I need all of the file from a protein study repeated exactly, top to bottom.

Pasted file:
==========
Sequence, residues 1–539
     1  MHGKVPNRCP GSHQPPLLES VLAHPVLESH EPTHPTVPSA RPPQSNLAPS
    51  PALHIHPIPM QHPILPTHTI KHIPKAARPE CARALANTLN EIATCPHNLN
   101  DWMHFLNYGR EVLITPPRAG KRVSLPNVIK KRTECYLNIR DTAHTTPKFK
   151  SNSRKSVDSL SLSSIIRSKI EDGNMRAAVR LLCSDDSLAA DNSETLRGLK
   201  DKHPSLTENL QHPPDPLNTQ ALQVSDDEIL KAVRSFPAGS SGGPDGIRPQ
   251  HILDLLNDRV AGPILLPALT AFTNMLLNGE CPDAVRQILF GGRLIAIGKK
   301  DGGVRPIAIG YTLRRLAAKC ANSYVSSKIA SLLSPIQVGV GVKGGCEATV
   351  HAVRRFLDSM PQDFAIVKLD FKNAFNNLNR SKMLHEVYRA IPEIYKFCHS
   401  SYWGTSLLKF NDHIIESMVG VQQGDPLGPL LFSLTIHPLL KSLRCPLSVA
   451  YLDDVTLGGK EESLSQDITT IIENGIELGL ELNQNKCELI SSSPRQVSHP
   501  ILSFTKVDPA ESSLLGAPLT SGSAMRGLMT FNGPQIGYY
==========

Sequence, residues 1–539
     1  MHGKVPNRCP GSHQPPLLES VLAHPVLESH EPTHPTVPSA RPPQSNLAPS
    51  PALHIHPIPM QHPILPTHTI KHIPKAARPE CARALANTLN EIATCPHNLN
   101  DWMHFLNYGR EVLITPPRAG KRVSLPNVIK KRTECYLNIR DTAHTTPKFK
   151  SNSRKSVDSL SLSSIIRSKI EDGNMRAAVR LLCSDDSLAA DNSETLRGLK
   201  DKHPSLTENL QHPPDPLNTQ ALQVSDDEIL KAVRSFPAGS SGGPDGIRPQ
   251  HILDLLNDRV AGPILLPALT AFTNMLLNGE CPDAVRQILF GGRLIAIGKK
   301  DGGVRPIAIG YTLRRLAAKC ANSYVSSKIA SLLSPIQVGV GVKGGCEATV
   351  HAVRRFLDSM PQDFAIVKLD FKNAFNNLNR SKMLHEVYRA IPEIYKFCHS
   401  SYWGTSLLKF NDHIIESMVG VQQGDPLGPL LFSLTIHPLL KSLRCPLSVA
   451  YLDDVTLGGK EESLSQDITT IIENGIELGL ELNQNKCELI SSSPRQVSHP
   501  ILSFTKVDPA ESSLLGAPLT SGSAMRGLMT FNGPQIGYY